Sara and Erik skiing MT

My Snow Bunny!

Sara and I married about nine months after meeting, in July 2005.  Each of us was old hat at the marriage thing, and knew what we wanted and had to have.  Our wedding was held on my brother’s farm, in a barn built in 1902 by my great great grandfather Andrew.  The temperature that day was about 78 F with a gentle breeze blowing, the sun filtering through the slats in the barn walls, and some of our city friends asking if we had piped in the sound of birds chirping outside during the ceremony.  We had a patriotic theme wedding, Famous Dave’s catered in (a huge hit with our guests), and we honeymooned in Cozumel a short time later.

our wedding invite

Our Wedding Invitation

Sara is once (Noah), twice (Jonah), and three times (Eli) a lady to me, giving me 3 strapping sons who will one day dwarf their “regular” dad. There is not a cooler woman on the planet to me.  I can be an ogre, a real grizzly bear to live with…yet Sara endures.  Sara looks on with disdain while our boys look at me like I am a rock star and often regard her as chopped liver, unaware or unconvinced of just how the magic really happens in the Hanson household. Yet Sara endures…being well, Sara.

Our reality

Halloween 2013–how it really is!

divorce, fatherhood, parenting, Uncategorized

Grandpa? Nope, Late Fatherhood


Handsome baby Noah

I became a father when I was 39.  That’s old.  Simple math shows that I will be 57 when my oldest son graduates high school.  “Hey, grandpa–so nice you could be here to watch your grandson on his graduation day!”  Why so old, you ask?  I took a six-year detour with The Practice Wife–thankful that no children resulted from that union.  I remember being 12 and thinking that there was no way I would be ready to be a daddy at 25 and that I had better wait.  At that age, I was not entirely sure of the mechanism used to accomplish fatherhood anyhow; but I gave myself plenty of time to figure it out.  I thought I was wiser at 25 than I had ever been, but I still had some wisdom to acquire and maturity to grow.  Yep, 30 would be a better age to create mini-Eriks.  Shortly after that mark I met the first Mrs. Hanson.

ski lodge

I might have guessed how that would turn out when she stood giggling at our altar in a Ski Lodge in Frisco, CO–giggling because the fireplace was making popping sounds that sounded like someone breaking wind.  The emotional maturity of a first grader.  I would think most women would gush over a two-week honeymoon skiing in Europe, traveling by Eurail to six different countries, skiing over the mountain from Switzerland into Italy under the shadow of the Matterhorn. Or the standing-room-only Christmas Eve service in Zermatt, spoken in a German dialect with locals dressed to the nines and big snowflakes falling. Or ringing in the new year in Salzburg, Austria–birthplace of Mozart–at the Festung while serial cannon fire echoed across the nation from one Austrian border to the next.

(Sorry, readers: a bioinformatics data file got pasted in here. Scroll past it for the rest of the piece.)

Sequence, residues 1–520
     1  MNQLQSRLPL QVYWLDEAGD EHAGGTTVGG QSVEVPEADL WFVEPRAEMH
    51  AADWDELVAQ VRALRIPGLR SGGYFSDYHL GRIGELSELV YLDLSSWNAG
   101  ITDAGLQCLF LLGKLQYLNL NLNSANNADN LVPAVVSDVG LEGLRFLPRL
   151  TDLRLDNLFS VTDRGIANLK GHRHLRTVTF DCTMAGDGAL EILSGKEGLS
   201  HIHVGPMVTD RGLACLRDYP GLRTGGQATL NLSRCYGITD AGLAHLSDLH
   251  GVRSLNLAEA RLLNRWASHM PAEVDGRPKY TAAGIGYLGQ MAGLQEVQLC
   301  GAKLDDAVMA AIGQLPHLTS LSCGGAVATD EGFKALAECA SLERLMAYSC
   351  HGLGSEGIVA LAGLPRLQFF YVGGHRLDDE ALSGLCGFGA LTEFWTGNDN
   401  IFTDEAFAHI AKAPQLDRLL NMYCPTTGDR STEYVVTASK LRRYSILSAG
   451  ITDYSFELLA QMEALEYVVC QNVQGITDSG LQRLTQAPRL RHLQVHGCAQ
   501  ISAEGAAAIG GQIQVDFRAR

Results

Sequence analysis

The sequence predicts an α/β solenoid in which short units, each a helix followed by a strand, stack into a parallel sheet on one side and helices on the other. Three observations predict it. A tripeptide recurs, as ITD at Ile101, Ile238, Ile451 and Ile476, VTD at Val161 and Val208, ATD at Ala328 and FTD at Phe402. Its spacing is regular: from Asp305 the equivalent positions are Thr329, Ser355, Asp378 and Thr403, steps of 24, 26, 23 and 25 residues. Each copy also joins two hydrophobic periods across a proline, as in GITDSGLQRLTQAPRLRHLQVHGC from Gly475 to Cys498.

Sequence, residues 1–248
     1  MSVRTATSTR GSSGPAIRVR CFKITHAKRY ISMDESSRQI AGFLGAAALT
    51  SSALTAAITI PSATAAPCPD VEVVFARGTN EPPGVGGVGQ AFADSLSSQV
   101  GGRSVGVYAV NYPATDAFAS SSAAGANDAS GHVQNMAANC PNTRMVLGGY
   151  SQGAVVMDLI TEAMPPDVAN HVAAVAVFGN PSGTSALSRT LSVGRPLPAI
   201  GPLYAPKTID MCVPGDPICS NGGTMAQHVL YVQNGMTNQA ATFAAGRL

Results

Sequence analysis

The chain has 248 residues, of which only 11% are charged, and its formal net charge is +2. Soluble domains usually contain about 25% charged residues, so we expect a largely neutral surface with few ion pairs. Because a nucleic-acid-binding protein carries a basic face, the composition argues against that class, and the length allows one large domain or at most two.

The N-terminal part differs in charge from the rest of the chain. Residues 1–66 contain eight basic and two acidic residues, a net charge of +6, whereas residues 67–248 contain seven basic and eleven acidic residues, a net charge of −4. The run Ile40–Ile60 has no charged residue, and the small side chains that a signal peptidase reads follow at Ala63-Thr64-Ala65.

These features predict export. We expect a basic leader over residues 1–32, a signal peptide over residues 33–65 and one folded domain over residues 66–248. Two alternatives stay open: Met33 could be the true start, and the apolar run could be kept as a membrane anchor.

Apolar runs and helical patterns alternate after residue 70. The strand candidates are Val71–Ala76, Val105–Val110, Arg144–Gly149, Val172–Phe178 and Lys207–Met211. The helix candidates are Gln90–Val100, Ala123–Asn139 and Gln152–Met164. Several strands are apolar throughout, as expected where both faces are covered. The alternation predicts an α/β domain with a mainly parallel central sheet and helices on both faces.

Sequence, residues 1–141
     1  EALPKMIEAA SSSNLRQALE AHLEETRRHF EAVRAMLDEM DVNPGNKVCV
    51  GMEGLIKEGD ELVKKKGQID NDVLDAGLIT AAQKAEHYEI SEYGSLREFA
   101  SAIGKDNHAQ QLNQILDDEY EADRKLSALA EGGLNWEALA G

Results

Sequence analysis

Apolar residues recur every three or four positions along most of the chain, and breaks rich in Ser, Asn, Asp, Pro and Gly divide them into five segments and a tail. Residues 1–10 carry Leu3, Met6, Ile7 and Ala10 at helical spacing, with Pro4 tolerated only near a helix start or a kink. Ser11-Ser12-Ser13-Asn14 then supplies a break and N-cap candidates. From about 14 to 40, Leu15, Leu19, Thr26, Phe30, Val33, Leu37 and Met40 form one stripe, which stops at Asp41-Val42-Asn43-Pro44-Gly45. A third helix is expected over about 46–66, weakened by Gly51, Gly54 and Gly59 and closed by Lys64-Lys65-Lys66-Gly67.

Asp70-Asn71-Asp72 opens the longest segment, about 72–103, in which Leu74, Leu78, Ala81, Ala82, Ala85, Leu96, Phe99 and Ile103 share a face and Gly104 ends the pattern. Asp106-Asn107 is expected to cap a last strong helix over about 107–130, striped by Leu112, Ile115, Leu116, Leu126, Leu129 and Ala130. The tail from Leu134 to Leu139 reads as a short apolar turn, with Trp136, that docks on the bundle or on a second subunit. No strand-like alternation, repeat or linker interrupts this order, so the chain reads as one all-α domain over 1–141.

But no!  She grew tired of me and I grew tired of her by the end of that two weeks.  I couldn’t wait to be home to have some alone time.  Surprise, surprise when this marriage didn’t work out.  It didn’t help that we decided to try med school living in different cities 2 1/2 hours apart.  I lost my ‘coolness’ factor when I got the boot from med school–suddenly the first Mrs. Hanson was not going to be married to a doctor after all.  She would have to change that. To make matters worse, we opted to gut an entire house and live in it during the repair.  This is also a great way to stress a marriage.

gutted home

home under renovation

When I met Sara, we talked about our future with little ones running about, refrigerator magnets in place, how we would (as older parents) likely spoil them rotten.  I am glad we made some time to travel, see France, Andorra, Spain, visit Cozumel twice, and make a run of the B & Bs in New England.  Having children in school dramatically slows a parent’s pace to travel and see new places. These days we get to Washington Island in Door Co., WI each summer and to visit family in Iowa.  My wife’s family visits on holidays and mine never visits, except Uncle Sam.


Uncle Sam (suspenders)

Our oldest son Noah is smart, handsome, and likeable.  He seems to make friends easily and always puts his best foot forward…when he is not at home.  When he is at home he lets his hair down and picks fights with his next younger brother, mixes like oil and water with his mama, and seldom misses a chance to show how lazy he can be–God’s challenge to me as a father. When his teachers have commented on how helpful and polite he is at school, we stop to verify that they are talking about our son.  A friend of ours pointed out that it is good that Noah can “let his hair down at home–and be who he really is.”  My fear is that he will require more of our help once he is of age than I can provide, due to my advancing years.


Jr. GQ, Noah

Our second oldest son Jonah was speaking in complete sentences when he was 18 months old.  In the words of Shrek “you have the right to remain silent; what you lack is the ability.”  He talks with the sweetest lisp and I know one day that will just be done talking that way.  He has deep chocolatey brown eyes like his mama and is a very sweet and thoughtful boy.  He also knows exactly how to best antagonize his older brother Noah.


Berry Pickin’ Jojo

Our youngest son, Eli, a.k.a. “Monster Baby” was originally nicknamed this because of his off-the-chart growth.



Not that any of the boys is a shrinking violet–all have been off the chart.  Eli is not yet two years old and is 52 pounds.  His size makes him a monster.  Lately, however…his behavior does too!  He is pure imp these days, having found his terrible two’s early.  He is a game player and one of my favorite pictures of him is when he was helping me put away clean clothes and he put my boxer briefs on his head with his face sticking out one of the leg holes.


Monster Baby, playing with my boxers on his head!

Trust me, there are times when Sara and I look at each other and second guess our choice to be parents.  We could have had another home in the south of France, but no…we chose parenthood instead!


I wouldn’t have it any other way!